Saturday, January 24, 2009

Send Hostname to Router

I have Tomato firmware on my Linksys WRT-54GL wireless router. I purchased the router so I could put Tomato or another open source firmware version.

One of the things that I wanted with this was to assign the same ip address to each computer through DHCP and get my internal DNS working without setting up bind. The tool that performs this duty and comes with most of these firmwares is Dnsmasq. It's a very easy to setup DNS and DHCP server.

The Tomato web interface makes it easy to assign an ip address to the specific MAC address of the ethernet or wireless network card. If the machine has one interface this isn't a problem. This becomes an issue for laptops that connect either via the wireless card or the ethernet cable. The problem is that Dnsmaq (and most other DHCP software) will not allow the same ip address to be assigned to two different mac addresses.

Most DHCP clients have the ability to send a hostname so that the DHCP server can assign a specific address to the machine everytime no matter the interface being used. This prevents tying the ip address to a specific MAC addresss. This ability is easy to enable in the Dnsmasq interface in Tomato.

Go to the Advanced -> DHCP/DNS. Enter the following in the custom configuration section:
dhcp-host=MyHostname.domain.what, 192.168.xx.xx

Change the information to be what you want it to be for your internal network. I don't use a "" or "domain.anything" that is could be a real domain name.

In Windows, change the computer name to match "MyHostname" and reboot. After rebooting, go to Start -> Run -> type cmd and click Run. A command window should have appeared. Type ipconfig[ENTER] to see the IP Address assigned. I had no problem setting this up in Windows.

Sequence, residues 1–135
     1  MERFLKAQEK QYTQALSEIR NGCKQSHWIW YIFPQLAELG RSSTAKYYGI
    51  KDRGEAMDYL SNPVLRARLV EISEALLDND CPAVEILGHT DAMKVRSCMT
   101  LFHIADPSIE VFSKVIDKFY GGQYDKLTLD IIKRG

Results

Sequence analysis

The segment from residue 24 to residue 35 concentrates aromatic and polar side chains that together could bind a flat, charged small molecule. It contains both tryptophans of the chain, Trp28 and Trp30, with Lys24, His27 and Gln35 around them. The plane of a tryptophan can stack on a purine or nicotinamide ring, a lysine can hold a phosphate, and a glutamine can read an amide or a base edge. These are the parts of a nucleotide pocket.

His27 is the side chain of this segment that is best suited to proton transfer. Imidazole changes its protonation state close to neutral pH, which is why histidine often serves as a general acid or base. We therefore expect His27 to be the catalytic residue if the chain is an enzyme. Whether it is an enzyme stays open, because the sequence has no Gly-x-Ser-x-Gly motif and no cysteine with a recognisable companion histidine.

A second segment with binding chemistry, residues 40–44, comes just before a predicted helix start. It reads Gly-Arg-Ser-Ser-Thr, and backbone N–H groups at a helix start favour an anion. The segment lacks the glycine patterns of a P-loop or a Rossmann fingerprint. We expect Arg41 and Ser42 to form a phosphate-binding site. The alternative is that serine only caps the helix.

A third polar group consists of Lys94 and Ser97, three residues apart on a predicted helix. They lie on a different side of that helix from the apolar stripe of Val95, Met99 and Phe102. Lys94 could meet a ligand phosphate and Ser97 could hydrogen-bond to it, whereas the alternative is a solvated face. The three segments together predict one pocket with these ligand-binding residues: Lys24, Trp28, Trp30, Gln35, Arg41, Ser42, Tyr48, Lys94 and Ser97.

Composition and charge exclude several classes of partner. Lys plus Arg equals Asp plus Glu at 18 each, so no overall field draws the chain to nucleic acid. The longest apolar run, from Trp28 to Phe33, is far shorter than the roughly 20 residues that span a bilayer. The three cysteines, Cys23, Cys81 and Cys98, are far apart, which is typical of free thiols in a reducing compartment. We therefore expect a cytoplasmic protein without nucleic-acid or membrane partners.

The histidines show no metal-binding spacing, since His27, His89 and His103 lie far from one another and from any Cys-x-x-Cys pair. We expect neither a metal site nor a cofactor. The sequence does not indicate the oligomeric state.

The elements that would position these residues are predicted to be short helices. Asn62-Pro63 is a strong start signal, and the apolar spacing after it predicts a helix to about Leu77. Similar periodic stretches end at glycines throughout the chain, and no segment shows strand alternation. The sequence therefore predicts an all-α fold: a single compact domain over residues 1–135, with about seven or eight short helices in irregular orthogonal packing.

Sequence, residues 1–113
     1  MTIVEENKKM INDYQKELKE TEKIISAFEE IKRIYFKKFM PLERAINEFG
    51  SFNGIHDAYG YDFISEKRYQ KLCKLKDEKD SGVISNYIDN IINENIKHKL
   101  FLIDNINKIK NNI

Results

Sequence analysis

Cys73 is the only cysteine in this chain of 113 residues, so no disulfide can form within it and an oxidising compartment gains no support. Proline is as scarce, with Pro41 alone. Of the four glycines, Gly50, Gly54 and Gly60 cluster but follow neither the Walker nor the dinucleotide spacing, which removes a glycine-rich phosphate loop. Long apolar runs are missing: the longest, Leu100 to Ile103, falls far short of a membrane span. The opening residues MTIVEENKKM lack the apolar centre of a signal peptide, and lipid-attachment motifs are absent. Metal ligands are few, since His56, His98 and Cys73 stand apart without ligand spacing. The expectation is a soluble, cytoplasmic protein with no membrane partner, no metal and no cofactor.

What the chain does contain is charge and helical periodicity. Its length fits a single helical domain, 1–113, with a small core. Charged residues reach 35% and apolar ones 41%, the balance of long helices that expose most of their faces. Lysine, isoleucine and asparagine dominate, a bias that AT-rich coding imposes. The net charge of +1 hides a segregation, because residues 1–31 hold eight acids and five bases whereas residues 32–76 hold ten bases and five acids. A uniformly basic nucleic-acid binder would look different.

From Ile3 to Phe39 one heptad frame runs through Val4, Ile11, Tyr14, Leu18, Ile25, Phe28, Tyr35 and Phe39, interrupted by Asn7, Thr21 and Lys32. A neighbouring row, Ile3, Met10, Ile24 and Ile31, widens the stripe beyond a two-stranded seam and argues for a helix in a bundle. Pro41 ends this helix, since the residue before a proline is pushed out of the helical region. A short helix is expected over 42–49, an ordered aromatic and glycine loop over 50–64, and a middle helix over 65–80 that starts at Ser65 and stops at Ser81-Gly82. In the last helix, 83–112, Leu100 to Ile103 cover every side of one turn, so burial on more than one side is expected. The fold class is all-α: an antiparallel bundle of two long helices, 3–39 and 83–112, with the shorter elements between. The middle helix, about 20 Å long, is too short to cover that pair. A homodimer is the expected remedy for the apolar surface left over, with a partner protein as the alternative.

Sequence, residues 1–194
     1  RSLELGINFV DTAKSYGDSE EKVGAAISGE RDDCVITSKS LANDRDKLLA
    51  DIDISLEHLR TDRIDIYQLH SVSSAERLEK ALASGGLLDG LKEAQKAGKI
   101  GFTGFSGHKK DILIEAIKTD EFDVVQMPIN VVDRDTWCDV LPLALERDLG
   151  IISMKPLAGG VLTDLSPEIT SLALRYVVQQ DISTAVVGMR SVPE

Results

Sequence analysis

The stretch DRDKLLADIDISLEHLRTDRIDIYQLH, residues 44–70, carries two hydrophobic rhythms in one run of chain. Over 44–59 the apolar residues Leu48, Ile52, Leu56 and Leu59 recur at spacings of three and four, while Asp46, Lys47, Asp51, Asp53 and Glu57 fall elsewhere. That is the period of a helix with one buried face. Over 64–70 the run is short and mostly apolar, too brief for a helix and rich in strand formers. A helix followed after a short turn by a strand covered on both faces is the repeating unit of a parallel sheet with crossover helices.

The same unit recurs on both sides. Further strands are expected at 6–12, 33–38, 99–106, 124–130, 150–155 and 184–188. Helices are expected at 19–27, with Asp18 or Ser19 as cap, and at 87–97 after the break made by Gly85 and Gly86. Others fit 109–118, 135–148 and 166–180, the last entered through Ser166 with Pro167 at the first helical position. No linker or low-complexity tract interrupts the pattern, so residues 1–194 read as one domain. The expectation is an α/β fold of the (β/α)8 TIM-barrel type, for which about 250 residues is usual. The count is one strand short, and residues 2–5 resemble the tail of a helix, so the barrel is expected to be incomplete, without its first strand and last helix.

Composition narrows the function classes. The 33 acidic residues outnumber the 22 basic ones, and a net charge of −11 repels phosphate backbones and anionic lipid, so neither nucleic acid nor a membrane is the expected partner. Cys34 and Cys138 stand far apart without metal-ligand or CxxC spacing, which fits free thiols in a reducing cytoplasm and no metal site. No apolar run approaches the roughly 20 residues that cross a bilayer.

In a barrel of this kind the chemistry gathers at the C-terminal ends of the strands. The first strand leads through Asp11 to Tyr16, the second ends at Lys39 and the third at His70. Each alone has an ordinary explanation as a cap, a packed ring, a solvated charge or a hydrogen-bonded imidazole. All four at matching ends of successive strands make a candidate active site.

Under Fedora 10, I ran into more difficulty. I used the normal Network Admin tools to attempt to set the "DHCP-Hostname". After starting the interfaces a few dozen times, I was never able to get the IP assigned in this manner.

NetworkManager is used to control the interfaces on the laptops. If it used to edit the connection information, there is an option on the IPv4 Settings tab for DHCP Client ID. This is not the same as sending the hostname.

In the man page for dhclient.conf, there's an option for sending the hostname:
send host-name "MyHostname.domain.what";

The problem is that NetworkManager does not read the file called /etc/dhclient.conf. NetworkManager generates it's own .conf file to pass to dhclient. Finally I came across a post that mentioned creating a file called /etc/dhclient-ifname.conf. In my case, the files are called:

I placed the above configuration option for sending the hostname into these files and restarted NetworkManager. NetworkManager or the dhclient program picked up these file for the interface and sent the host-name. So it works for me now.

This is what's in my /etc/dnsmasq.conf file on the router:


If you don't want to maintain a /etc/hosts file on all of your machines, ssh into the router and edit the /etc/hosts file. Any ip and name pair will resolve when doing the following from the command line:
host machine-name

The /etc/hosts/file looks like this: This doesn't work

192.168.xx.aa MyHostname AnotherHostname

Update: Modifying the /etc/hosts files directly doesn't work. This post describes what you need to do. Go to Basic ->Static DHCP and add an entry. Don't fill out a mac address.

Update: Added a semi-colon to the send host-name line.

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